Having previously said affordable technology is coming into place for double-the-range-for-the-money EVs, Nissan CEO Carlos Ghosn says the UN’s global climate change summit in Paris this November will also determine pressure for the zero-emission cars.
“When we know exactly where the EU, US, China will be heading in 2030, I can tell you exactly how much electric cars will be needed,” said Ghosn in a recent interview with the Guardian.
The UN summit will host government representatives from 190 nations in an attempt to set limits due to run out in 2020. Assuming an agreement is made, they are expected to set the tone for the following decade and possibly longer, and this, says Ghosn will play a role in EVs’ viability.
The head of the company now responsible for selling half of all EVs in the world is however reluctant to be as bullish in making predictions as he was a few years ago.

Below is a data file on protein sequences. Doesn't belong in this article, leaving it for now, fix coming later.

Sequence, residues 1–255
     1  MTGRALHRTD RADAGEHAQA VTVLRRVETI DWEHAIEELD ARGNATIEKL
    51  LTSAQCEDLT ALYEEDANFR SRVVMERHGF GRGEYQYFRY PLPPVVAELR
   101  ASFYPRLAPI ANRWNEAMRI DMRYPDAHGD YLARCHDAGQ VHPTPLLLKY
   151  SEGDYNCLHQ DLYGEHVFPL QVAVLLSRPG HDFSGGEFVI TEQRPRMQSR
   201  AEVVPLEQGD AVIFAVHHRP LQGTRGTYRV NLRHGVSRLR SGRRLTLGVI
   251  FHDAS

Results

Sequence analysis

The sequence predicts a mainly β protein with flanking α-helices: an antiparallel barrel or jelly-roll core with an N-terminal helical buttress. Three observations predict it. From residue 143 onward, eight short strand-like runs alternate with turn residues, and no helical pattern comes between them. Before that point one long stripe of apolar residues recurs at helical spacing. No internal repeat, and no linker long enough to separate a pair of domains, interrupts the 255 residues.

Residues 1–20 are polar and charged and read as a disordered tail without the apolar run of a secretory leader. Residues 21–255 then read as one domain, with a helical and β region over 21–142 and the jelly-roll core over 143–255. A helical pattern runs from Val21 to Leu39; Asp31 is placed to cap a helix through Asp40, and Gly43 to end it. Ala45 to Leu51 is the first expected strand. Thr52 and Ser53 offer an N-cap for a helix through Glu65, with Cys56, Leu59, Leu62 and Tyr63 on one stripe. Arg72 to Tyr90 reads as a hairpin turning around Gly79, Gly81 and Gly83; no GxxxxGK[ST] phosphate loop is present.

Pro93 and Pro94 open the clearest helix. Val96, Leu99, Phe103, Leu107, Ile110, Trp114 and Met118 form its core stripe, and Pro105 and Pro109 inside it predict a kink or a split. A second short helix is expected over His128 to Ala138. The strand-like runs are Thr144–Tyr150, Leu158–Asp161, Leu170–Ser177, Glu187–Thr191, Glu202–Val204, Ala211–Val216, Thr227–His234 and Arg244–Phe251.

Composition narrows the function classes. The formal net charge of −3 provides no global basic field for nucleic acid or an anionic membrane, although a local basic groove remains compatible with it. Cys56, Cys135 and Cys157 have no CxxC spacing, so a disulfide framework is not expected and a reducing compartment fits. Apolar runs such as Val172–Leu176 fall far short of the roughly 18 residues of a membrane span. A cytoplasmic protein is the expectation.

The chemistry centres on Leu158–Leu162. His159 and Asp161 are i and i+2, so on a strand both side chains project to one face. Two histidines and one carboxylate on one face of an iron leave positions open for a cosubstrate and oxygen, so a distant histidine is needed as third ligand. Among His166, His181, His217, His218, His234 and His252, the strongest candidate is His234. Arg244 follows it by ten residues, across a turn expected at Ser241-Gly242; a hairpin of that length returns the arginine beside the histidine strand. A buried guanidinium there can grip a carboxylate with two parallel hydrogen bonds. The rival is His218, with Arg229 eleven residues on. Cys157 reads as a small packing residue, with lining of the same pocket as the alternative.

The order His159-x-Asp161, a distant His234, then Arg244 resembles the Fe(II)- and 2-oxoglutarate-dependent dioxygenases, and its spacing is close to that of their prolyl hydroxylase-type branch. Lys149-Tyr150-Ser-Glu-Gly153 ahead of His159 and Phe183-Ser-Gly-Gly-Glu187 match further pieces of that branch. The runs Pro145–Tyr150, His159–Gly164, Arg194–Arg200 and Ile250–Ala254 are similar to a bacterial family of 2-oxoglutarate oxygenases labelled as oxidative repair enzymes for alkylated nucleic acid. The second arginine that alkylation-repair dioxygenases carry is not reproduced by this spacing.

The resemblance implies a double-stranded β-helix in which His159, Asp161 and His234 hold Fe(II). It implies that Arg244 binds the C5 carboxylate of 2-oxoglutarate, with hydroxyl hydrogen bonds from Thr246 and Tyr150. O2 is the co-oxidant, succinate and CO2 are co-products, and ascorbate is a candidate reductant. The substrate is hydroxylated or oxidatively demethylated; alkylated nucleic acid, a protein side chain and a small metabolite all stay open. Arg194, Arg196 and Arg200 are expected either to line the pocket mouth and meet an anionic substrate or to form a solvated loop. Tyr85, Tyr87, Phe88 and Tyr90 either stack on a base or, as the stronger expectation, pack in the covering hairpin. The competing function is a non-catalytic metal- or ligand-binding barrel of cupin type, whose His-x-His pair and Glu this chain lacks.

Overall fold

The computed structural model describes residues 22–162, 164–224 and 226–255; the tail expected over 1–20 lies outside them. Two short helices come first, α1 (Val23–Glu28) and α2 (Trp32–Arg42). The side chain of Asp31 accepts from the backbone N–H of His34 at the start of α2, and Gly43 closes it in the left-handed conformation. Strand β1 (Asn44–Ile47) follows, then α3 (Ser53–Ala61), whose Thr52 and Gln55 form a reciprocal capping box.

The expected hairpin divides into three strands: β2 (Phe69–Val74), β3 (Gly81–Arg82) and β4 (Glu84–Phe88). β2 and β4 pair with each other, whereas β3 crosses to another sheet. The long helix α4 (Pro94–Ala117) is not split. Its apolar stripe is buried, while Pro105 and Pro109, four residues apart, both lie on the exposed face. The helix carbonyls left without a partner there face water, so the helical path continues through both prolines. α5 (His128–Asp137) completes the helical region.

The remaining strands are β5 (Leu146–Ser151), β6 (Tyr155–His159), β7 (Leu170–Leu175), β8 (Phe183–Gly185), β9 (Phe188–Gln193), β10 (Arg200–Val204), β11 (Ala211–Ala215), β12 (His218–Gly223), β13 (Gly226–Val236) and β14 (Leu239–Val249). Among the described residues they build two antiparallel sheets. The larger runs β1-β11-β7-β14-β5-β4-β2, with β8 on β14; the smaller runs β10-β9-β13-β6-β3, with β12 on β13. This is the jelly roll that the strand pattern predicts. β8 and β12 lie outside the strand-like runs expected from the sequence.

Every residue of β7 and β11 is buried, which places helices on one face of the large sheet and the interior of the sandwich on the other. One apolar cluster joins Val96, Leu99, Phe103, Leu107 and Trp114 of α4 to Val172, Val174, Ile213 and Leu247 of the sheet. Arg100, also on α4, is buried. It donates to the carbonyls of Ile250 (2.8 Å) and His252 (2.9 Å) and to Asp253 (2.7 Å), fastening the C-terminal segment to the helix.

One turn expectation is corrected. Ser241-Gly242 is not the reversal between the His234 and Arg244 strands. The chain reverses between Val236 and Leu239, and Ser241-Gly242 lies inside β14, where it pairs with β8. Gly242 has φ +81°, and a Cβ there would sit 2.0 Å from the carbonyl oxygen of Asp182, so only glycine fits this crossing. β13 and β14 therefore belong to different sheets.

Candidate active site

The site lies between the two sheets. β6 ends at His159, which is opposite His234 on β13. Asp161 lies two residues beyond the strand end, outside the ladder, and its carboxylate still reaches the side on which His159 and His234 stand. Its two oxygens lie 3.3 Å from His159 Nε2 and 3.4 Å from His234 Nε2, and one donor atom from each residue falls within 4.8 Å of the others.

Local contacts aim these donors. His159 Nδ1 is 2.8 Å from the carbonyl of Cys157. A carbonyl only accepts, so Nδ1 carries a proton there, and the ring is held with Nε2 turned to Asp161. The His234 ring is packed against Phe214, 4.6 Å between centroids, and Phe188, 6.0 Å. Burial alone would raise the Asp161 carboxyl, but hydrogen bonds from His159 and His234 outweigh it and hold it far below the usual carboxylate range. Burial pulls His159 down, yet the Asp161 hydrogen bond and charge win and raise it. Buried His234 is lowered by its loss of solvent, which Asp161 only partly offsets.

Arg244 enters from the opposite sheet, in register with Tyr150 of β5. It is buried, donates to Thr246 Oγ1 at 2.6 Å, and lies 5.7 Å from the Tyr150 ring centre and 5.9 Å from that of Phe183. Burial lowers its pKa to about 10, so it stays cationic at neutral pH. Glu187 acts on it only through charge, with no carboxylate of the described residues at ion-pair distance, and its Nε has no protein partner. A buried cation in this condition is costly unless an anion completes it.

Early Renault-Nissan goals of 1.5 million cars by 2016 and 1 million in the U.S. set by 2015 by President Barack Obama proved optimistic, but unchanged is climate warming and that today transportation accounts for 23 percent of global greenhouse gas emissions.
The automaker has already said it has a test mule Leaf easily capable of 250 miles range with a battery chemistry that charges faster, and costs little enough to replace today’s 84-mile Leaf for around the same price.
Other cost issues are determined by scale, said Ghosn to the Guardian.
“This is a scale problem,” said Ghosn. “The technology fundamentally has nothing expensive. If you come to the basic physics of an electric car, it is not supposed to be more expensive than a combustion engine.”
Government incentives will still be needed, he said, as will more charging stations if markets are expected to blossom.
Otherwise, the EV protagonist who has put his name on the line more than any other head of a major automaker, is addressing key concerns critics have levied against EVs – namely, price, range, and recharge time.
Ghosn is aiming for a no-excuses solution the mainstream buyer will embrace, and not just for those happy to adjust their lifestyle to accommodate first-generation EVs.